Originally published November 22 2010
Smart governments grow food using public spaces
by David Gutierrez, staff writer
(NaturalNews) Local governments across the United States are increasingly replacing lawns and ornamental landscapes with gardens and orchards to provide free food for their residents.
"I want people to see city hall differently -- that it's our public land, and that it works for us and with us," said Sallie Maron of Bainbridge Island, Wash., who helped replace city hall's landscaping with an edible garden. Any resident can take fresh ingredients from the garden at any time.
"It's for people in need or people who just want to try some fresh food," another resident said.
Other cities taking similar measures include Seattle, which created a vegetable garden and community space in a highway median strip that was formerly covered in hypodermic syringes; Des Moines, Iowa, where fruit and nut orchards are being planted around parks, schools and community shelters; and Davenport, Iowa, where a downtown parking lot is being turned into a vegetable garden. The Davenport garden planting is funded by the city, but will be maintained by volunteers. One of these volunteers, who own a Thai restaurant across the street, will use the garden to grow hard-to-find fresh ingredients for his traditional recipes.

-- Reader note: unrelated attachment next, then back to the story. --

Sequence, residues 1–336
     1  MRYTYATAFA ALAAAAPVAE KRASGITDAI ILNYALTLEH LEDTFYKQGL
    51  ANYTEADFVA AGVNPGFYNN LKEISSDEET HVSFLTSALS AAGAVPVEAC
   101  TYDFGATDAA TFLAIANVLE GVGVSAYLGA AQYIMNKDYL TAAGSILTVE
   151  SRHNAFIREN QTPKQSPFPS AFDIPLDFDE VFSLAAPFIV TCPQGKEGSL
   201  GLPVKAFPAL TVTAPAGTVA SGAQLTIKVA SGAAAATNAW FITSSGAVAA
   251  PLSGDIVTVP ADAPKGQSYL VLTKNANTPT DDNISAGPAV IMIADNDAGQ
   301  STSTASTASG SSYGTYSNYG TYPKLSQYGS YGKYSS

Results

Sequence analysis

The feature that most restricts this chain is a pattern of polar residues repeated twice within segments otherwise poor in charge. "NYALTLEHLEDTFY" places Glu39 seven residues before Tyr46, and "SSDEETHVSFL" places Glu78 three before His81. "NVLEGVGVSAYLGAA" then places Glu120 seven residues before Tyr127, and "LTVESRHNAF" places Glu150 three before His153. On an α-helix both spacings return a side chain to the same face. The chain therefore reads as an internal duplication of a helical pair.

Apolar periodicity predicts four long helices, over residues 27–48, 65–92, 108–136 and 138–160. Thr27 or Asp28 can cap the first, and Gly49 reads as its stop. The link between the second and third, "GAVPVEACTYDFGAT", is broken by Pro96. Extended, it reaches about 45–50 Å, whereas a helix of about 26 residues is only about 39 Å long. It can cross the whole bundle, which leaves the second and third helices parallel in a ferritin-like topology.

The municipal gardens are part of a larger, nationwide return to gardening and local food, motivated by health, environmental and economic reasons.
"Buying local food straight from the farmer puts you in closer touch with the origin of the food, cuts a significant portion of the time and money spent transporting and "selling" the food, saves you money, and places more dollars in the pocket of those who produce your food," writes Gabriel Cousens in his book There Is a Cure for Diabetes.
In addition to providing food security to residents, municipal orchards and gardens can introduce residents to new foods and increase dietary diversity, and provide gathering places that lead to safer neighborhoods.
Best of all, the food is free.
Sources for this story include: http://www.grist.org/article/food-smart-city....
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